times: before taking prednisone, 30 minutes after the start of the cyclophosphamide
infusion, and at 60 minutes, 75 minutes, 90 minutes, and 2, 4, 6, 8, and 24 hours after the
start of the cyclophosphamide infusion.
Other Blood Tests:
At least twice a week during Study Cycles 1 and 2, blood (about 1 teaspoon) will be drawn
for routine tests.
Aprepitant may increase the blood sugar during the first few days the drug is taken.
Because of this, on Day 1 of Study Cycle 1, you will be given a glucometer (a machine to
check your blood sugar). You will use the glucometer at home during the study (or in the
hospital if you are admitted there for chemotherapy). You will be given instructions on how
to use it, and what to be looking for. On Days 1-6 of Study Cycle 1, you will give yourself
a "fingerstick" blood sugar test once a day (before breakfast). You will take a
"fingerstick" blood sugar test before you receive each dose of aprepitant.
Length of Study:
You may receive up to 2 cycles of chemotherapy, including 1 cycle of aprepitant. If
intolerable side effects occur or the disease gets worse, you will be taken off study early.
At 30 days after your last dose of aprepitant, you will return for an end-of-study visit.
At this visit, you will have the same tests/procedures performed that you did at the other
study visits. You will return the glucometer to the study staff.
This is an investigational study. The CHOP and R-CHOP regimens are commercially available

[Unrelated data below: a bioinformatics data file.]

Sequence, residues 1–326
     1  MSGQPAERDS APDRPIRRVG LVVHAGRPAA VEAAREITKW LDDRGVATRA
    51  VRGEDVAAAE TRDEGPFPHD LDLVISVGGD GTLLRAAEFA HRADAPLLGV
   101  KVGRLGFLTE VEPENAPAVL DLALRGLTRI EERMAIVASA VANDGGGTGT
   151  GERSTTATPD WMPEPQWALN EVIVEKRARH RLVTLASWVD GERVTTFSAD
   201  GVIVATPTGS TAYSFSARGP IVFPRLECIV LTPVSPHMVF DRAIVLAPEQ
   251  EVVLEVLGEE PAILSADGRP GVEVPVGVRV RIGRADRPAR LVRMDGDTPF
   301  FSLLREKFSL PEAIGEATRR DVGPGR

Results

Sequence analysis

and FDA approved for use in NHL.
Aprepitant is commercially available and FDA approved (when used in combination with other
nausea medication, such as ondansetron) for the prevention of nausea and vomiting that may
be caused by chemotherapy. However, this study is considered experimental because
researchers want to find out how aprepitant may affect the drug levels of cyclophosphamide,
vincristine, and prednisone in the blood. (Cyclophosphamide, vincristine, and prednisone
are part of the CHOP and R-CHOP regimens.) The use of aprepitant is authorized for this
Up to 18 patients will take part in this study. All will be enrolled at M. D. Anderson.
1. Newly diagnosed or relapsed lymphoid malignancy.
2. Patients receiving either:(1) Bolus or 48-hr infusion CHOP (cyclophosphamide 750
mg/m^2 IV Day 1, doxorubicin 25 mg/m^2/day IV given as bolus infusion or over 48
hours continuous infusion Days 1-2, vincristine 2 mg IV Day 1, prednisone PO 100 mg *
5 days) OR (2) Bolus or 48-hr infusion R-CHOP (Rituximab 375mg/m^2 on Day 1+ CHOP as
above). (For patients receiving R-CHOP, CHOP may be administered starting on Day 2 at
the discretion of the treating physician
3. Age >/= to 18 years
4. Adequate organ function defined as serum total bilirubin </= 1.2 mg/dL, serum
aspartate aminotransferase or serum glutamate oxaloacetate transaminase (SGOT) </= 60
IU/L, creatinine < 1.5 mg/dL.
1. Evidence of neoplastic central nervous system disease
2. Patients who are unable to take oral medication (e.g. due to tumor obstruction)
3. History of Diabetes Mellitus (Diabetes as defined by established diagnosis of
diabetes currently receiving medications for the diabetes management and/or a fasting
blood glucose of >/= 126 mg/dL.)